Didamoda Lankzet Watch review – the best of no worlds

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REVIEW – To preface this review, I’ve never been a “watch guy”. The obsession with high-end watches by some people is as foreign to me in the same way I’m sure they’d view my obsession with gaming laptops or complex board games. I’ve been using smartwatches since the Pebble days (pour one out for one of the best smartwatches to ever exist), and for me I like a full-featured watch like the Apple Watch or Samsung Galaxy Watches, but the core experience that the Pebble provided is sufficient for most (messages, caller ID, step tracking). Most recently I’ve been using the Samsung Galaxy Watch5 Pro, but I’m always on the hunt for something different. The Didamoda Lankzet Watch promised to be different, and in that it did not disappoint – but different is not always better.

What is it?

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The Didamoda Lankzet Watch is a combination smartwatch and mechanical watch, though the mechanical movement lacks hands, so it’s purely decorative (though it does spin at one revolution per minute so you could use it as a stopwatch I suppose). The smartwatch functions are pretty basic but include heart rate and step counting, as well as sleep tracking. I put it through the paces with sleeping, workouts, battery testing, and more!

What’s in the box?

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  • Didamoda Lankzet Watch
  • USB-A charger
  • Manual
  • Cleaning cloth

Hardware specs

  • Case size: 43.5mm x 52mm
  • Case thickness: 12mm
  • Screen: Ultra-thin FSTN ring screen
  • Battery life: up to 30 days
  • Watch weight: 133 g
  • Movement: Tourbillon mechanical movement (TX602)
  • Case material: 316L stainless steel
  • Glass material: Artificial sapphire
  • Strap material: Flourine rubber
  • Water resistance: 5 ATM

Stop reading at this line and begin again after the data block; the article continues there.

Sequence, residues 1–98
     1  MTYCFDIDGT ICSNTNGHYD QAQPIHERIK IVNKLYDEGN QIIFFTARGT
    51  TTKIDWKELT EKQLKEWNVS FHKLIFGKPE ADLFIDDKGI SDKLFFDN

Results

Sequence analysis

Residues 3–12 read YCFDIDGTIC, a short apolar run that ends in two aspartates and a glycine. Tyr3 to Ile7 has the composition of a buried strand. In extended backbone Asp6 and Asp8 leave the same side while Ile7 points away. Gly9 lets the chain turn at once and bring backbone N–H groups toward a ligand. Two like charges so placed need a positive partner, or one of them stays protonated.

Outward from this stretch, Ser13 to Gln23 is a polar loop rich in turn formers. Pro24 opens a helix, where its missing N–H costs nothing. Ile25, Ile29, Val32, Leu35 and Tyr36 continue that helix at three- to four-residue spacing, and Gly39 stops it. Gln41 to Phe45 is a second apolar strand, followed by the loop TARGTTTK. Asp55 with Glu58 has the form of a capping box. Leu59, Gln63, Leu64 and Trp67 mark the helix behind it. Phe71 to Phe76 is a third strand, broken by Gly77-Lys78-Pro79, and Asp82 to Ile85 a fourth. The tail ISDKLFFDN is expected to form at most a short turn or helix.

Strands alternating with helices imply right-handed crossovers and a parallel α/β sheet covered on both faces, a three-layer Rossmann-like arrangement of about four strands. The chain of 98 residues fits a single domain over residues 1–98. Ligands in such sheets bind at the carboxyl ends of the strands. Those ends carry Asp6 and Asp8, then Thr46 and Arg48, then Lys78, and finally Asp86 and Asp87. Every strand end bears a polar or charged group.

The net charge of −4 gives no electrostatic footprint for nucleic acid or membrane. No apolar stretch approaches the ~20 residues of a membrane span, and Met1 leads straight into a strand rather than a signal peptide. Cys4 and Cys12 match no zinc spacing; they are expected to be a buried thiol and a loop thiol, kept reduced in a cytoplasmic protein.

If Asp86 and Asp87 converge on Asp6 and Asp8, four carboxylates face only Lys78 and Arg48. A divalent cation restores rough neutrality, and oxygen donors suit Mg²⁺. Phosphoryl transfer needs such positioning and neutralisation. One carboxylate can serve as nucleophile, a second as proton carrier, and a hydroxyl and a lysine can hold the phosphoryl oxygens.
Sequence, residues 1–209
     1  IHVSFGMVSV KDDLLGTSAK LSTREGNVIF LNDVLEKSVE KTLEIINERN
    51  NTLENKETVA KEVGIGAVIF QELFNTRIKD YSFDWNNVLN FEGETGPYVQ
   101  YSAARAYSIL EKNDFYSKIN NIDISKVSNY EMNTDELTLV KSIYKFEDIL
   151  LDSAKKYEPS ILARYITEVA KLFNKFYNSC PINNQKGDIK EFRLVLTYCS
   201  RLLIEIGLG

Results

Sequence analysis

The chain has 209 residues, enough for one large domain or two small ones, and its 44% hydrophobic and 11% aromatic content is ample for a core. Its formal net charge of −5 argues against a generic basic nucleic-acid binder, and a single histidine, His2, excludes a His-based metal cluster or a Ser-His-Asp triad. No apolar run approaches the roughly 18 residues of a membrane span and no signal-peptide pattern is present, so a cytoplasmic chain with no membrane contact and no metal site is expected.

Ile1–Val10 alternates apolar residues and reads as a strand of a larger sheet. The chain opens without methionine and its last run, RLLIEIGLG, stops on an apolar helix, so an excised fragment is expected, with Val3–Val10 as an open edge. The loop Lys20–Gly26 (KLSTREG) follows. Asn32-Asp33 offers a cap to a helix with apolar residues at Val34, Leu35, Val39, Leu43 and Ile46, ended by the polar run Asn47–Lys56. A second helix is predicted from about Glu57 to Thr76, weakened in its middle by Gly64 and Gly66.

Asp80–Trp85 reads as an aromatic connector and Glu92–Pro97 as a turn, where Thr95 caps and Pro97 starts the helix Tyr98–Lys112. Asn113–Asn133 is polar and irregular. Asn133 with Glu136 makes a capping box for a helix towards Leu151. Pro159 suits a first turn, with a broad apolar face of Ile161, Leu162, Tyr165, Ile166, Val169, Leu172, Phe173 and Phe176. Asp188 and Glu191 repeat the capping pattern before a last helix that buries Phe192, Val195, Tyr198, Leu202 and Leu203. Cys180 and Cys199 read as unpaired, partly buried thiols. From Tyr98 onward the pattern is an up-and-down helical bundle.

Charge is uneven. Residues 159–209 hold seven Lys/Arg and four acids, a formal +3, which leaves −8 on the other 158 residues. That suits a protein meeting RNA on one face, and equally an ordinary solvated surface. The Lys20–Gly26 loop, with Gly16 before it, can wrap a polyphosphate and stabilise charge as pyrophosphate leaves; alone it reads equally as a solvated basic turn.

• Bluetooth: BLE 5.0

Design and features

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At first glance, the form factor of the Didamoda Lankzet Watch is fairly standard, but instead of watch hands like a mechanical watch would sport, it has digital screens wrapping around the central tourbillon mechanical movement. I received the “Rainbow Black” colorway to review, but there’s also a variety of other finishes to choose from, some of which are more expensive. I am baffled by the inclusion of a Tourbillon watch movement without watch hands (this style of intricate gears visible from the front has been popular in very high end watches, but Chinese manufacturers have been starting to put them into sub-$1000 watches in the last few years). If the mechanical movement included hands, I would have found far more utility out of the watch, but as it’s designed it serves no function besides ornamentation. If you like the looks, you’ll like it, but I think a hybrid mechanical/smart watch does much better when the mechanical part can function independently if needed (like if the smart watch battery completely dies).

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The larger middle button on the right winds the mechanical movement (the recommended winds lasted me more than 2 days without needing to be wound again). The other two smaller push buttons are multifunction to control smartwatch elements.

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And around to the left side, we see two more multifunction buttons. The whole watch casing is stainless steel and feels like it can stand up to daily use, though I did have some minor scratches showing after wearing it for a few weeks, which is to be expected from the stainless steel finish.

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Around the back of the watch we can see stamped text, health sensors, and charging contact pins.